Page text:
The U.S. attorney in Brooklyn and U.S. Postal Service inspectors have begun an investigation into money reported missing from First Equity Enterprises, according to several published reports. A lawyer for two men described as witnesses confirmed those accounts on Sunday.
Before the Sept. 11 terrorist attacks that leveled the trade center, First Equity Enterprises had acted as a clearinghouse for Evergreen International Spot Trading, taking in funds, issuing statements to clients and disbursing money to those who wanted to cash out.
Sales agents and traders at Evergreen notified authorities after receiving complaints from customers that their requested account transactions were being ignored.
Bill Muller, a spokesman for the U.S. attorney's office, would neither confirm nor deny the investigation. A spokeswoman for the U.S. Postal Service did not immediately return a call for comment.
"I can only confirm that a federal investigation is under way," said James McGuire, a Manhattan attorney representing two former Evergreen employees. He described his clients as witnesses in the investigation.
Between $105 million and $106 million is missing and belongs to 1,400 investors in 14 countries, according to reports in newspapers in Australia, Britain, Canada and New Zealand.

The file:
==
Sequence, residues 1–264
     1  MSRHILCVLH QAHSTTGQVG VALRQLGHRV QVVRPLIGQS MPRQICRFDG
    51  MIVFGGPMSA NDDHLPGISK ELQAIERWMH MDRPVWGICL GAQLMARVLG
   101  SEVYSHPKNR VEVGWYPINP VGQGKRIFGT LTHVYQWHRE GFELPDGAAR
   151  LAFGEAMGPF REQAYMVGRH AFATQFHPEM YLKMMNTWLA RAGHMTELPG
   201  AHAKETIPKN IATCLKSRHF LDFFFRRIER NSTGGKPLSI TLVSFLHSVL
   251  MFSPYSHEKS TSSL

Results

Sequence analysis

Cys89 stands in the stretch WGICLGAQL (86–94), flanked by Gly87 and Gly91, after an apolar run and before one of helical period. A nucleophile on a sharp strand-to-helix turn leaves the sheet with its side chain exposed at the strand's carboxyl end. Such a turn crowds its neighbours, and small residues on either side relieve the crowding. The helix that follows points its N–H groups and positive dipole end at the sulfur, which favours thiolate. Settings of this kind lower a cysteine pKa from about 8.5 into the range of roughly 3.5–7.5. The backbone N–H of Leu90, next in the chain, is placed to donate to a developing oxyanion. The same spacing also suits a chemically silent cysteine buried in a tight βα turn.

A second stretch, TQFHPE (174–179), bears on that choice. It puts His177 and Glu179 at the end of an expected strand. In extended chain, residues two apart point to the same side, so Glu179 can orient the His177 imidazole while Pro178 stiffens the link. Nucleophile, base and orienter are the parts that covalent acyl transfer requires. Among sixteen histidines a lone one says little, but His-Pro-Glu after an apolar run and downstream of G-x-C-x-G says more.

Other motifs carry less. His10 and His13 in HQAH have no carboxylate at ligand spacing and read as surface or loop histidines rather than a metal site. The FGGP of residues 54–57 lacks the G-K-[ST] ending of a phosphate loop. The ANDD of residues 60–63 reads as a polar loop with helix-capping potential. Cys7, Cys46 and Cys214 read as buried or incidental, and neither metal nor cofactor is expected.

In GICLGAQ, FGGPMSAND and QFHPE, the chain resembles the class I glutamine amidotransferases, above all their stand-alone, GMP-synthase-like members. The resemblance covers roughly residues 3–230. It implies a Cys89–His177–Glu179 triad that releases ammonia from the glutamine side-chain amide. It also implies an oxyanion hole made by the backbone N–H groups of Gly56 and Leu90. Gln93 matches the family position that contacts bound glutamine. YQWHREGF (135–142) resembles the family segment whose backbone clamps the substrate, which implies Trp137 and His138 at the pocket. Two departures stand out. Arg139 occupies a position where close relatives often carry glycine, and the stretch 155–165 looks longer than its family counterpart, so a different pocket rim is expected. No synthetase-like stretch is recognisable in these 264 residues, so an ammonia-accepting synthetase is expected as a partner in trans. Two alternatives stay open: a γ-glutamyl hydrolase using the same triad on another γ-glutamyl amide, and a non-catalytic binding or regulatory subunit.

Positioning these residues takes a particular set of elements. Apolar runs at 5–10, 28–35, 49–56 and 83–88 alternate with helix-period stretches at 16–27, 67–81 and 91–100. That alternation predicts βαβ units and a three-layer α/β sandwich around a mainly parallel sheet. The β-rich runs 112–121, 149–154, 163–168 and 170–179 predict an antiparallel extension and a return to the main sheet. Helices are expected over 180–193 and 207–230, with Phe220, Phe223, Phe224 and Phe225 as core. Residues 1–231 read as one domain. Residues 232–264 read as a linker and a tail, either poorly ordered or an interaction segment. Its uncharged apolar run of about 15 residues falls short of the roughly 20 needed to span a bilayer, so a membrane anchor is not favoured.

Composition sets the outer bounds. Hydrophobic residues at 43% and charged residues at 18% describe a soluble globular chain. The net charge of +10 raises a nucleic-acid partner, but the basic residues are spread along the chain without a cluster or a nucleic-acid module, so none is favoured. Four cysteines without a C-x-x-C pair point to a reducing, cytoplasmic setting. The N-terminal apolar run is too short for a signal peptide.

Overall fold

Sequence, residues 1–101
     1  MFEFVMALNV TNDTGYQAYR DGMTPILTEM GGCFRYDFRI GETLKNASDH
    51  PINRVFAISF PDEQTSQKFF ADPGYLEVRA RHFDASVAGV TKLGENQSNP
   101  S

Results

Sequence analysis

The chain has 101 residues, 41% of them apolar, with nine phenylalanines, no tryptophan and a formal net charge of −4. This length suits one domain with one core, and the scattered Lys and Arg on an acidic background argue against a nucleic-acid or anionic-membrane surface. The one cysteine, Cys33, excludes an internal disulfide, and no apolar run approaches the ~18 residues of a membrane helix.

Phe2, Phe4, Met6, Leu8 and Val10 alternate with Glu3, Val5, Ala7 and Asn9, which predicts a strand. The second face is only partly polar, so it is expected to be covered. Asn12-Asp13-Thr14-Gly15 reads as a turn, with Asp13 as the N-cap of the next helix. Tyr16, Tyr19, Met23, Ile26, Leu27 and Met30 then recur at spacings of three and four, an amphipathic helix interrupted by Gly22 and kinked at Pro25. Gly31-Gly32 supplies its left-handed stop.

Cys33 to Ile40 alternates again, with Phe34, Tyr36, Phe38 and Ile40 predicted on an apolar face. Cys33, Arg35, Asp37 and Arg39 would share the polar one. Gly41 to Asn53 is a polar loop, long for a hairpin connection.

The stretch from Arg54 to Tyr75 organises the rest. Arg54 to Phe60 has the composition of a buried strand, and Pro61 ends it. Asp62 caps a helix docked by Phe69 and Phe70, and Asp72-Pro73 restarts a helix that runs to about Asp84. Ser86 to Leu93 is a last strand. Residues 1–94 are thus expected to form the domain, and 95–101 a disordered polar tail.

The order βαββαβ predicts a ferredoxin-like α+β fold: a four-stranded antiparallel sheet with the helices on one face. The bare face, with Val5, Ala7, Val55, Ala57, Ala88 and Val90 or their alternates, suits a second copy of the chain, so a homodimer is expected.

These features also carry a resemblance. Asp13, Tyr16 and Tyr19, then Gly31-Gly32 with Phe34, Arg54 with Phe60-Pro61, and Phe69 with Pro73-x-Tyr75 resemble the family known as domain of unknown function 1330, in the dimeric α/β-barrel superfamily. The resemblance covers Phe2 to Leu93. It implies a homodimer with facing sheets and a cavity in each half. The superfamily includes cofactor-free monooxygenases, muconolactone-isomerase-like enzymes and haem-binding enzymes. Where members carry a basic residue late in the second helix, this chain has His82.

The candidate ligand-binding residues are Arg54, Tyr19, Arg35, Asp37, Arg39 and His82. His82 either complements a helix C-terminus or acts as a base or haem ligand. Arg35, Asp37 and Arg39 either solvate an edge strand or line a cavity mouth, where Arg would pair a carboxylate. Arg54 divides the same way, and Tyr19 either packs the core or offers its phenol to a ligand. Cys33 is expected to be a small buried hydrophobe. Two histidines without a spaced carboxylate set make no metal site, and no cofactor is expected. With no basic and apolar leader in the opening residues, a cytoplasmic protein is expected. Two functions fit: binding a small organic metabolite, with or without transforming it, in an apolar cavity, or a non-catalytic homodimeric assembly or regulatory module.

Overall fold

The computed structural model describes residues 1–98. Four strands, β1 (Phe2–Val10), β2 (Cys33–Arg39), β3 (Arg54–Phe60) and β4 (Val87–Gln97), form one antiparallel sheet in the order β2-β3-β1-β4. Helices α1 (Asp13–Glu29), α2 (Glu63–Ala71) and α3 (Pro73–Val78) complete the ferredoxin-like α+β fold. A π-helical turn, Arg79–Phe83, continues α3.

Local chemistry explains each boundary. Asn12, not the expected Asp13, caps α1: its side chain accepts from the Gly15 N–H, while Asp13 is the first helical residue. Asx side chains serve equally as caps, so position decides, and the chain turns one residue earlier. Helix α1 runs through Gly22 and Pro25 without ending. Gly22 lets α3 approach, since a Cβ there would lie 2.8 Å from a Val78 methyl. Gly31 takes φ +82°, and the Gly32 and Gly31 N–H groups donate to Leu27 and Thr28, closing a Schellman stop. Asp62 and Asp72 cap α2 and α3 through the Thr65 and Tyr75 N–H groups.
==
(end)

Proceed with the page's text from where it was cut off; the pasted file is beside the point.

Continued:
First Equity representatives could not be reached Sunday. The listed telephone number for First Equity was not in service; no phone listing could be found for its president.
According to published reports, federal prosecutors obtained a warrant on Oct. 5 to seize funds connected with First Equity. One bank account in Melbourne, Australia, has been frozen, The Australian Financial Review, a business newspaper, reported on Oct. 19.
Muller refused to comment on whether any funds had been recovered or frozen. He also would not say whether arrest warrants had been issued for any employees of First Equity.
Two weeks ago, postal inspectors conducted searches with Evergreen's permission of its offices at 40 Wall Street, 61 Broadway and 730 Fifth Avenue, according to The New York Times.
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